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                                                   The Actors' Actor

On March 16, 1963 the publication of the short story "John Barton Rosedale, Actors' Actor." The New Yorker. The Hat on the Bed. (also included in the forthcoming New York Stories).

" ... I didn't believe then and I don't believe now that you can be taught how to act. The tricks, yes. But not what has to come from down here and up here. The old ticker and the old gray matter, that's the combination. Plus the dedication, the pride, the love of the whole stinking God damn racket, regardless of the cheap sons of bitches that run things today."

Mr. Rosedale, age sixty-seven, was a very successful actor - in his day, but now, with no work for several years, he spends his afternoons playing bridge at his New York club.

A new member, Norman Bahs,  " ... a bright-eyed, tooth-flashing, fat little man in a blue serge suit, white shirt, and plain blue silk tie with a Windsor knot... " offers Mr. Rosedale a part in the new play he's producing. The "actor's actor", who could use the work and the money, still has his great talent, but also his great pride.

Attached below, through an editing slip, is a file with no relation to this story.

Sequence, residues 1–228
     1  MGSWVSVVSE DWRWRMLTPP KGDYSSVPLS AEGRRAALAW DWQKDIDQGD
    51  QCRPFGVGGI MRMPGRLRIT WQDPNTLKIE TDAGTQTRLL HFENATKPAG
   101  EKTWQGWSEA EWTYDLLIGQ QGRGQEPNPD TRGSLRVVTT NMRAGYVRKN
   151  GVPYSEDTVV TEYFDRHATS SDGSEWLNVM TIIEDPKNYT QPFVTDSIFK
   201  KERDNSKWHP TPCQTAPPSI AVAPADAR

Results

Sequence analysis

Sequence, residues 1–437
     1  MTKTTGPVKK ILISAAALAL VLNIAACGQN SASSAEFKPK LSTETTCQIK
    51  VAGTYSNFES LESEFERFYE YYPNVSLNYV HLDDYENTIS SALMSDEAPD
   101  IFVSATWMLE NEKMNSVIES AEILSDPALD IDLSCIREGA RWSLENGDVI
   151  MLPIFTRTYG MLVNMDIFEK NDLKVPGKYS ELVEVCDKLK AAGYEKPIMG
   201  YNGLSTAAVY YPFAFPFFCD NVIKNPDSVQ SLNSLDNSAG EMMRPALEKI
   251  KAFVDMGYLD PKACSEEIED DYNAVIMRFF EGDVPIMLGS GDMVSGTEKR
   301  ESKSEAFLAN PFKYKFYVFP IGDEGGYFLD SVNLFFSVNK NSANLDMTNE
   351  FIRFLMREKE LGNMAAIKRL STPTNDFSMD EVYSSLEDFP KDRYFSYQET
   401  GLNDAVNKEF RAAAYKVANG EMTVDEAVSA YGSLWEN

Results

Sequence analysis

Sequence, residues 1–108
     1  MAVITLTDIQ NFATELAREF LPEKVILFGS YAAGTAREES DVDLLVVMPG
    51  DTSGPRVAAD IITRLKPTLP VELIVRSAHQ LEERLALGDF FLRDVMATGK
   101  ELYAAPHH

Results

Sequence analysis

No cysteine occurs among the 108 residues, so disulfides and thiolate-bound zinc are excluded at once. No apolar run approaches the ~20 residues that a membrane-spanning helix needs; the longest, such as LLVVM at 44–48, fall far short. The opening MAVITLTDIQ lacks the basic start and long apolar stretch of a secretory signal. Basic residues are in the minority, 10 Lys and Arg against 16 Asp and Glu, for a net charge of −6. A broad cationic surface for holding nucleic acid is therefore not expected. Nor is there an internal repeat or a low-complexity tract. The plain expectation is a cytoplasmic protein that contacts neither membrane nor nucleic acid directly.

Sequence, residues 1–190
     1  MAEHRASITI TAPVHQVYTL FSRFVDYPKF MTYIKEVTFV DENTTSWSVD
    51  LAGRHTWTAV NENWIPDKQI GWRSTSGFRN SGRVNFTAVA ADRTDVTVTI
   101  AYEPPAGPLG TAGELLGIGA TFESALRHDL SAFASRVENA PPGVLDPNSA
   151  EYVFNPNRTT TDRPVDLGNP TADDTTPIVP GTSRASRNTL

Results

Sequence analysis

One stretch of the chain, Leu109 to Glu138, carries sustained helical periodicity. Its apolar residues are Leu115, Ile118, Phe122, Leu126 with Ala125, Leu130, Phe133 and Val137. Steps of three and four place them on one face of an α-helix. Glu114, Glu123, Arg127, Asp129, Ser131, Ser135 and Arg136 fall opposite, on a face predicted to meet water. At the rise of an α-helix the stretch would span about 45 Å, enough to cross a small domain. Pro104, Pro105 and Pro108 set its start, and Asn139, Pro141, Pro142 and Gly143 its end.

"Roughly, what sort of money were you thinking of offering me."
   "Seven-fifty. I know it'd be no use trying to get you for less."
   "You never said a truer word. Do you realize that what you're offering me is less than a hundred dollars a performance?"
   "Well, I could go to eight."
   "My dear fellow, you can go to hell."

There's a good solid analysis of this short story in Steven Goldleaf's John O'Hara - The Short Fiction, pages 93-95.

Mr. Rosedale lives where John O'Hara once lived - at the London Terrace apartments on Twenty-Third Street between Ninth and Tenth Avenues. Right near where I used to live - at the London Towne House on the corner of Ninth and 22nd.

On March 16, 1877 Sidney Tate from the 1949 novel A Rage to Live was born in New York.

Sidney was a well-bred, wealthy young man who married Grace Caldwell Tate and lived with her as a gentleman farmer at her family's place in Fort Penn (Harrisburg), Pa. until his tragic death at age forty in 1917.

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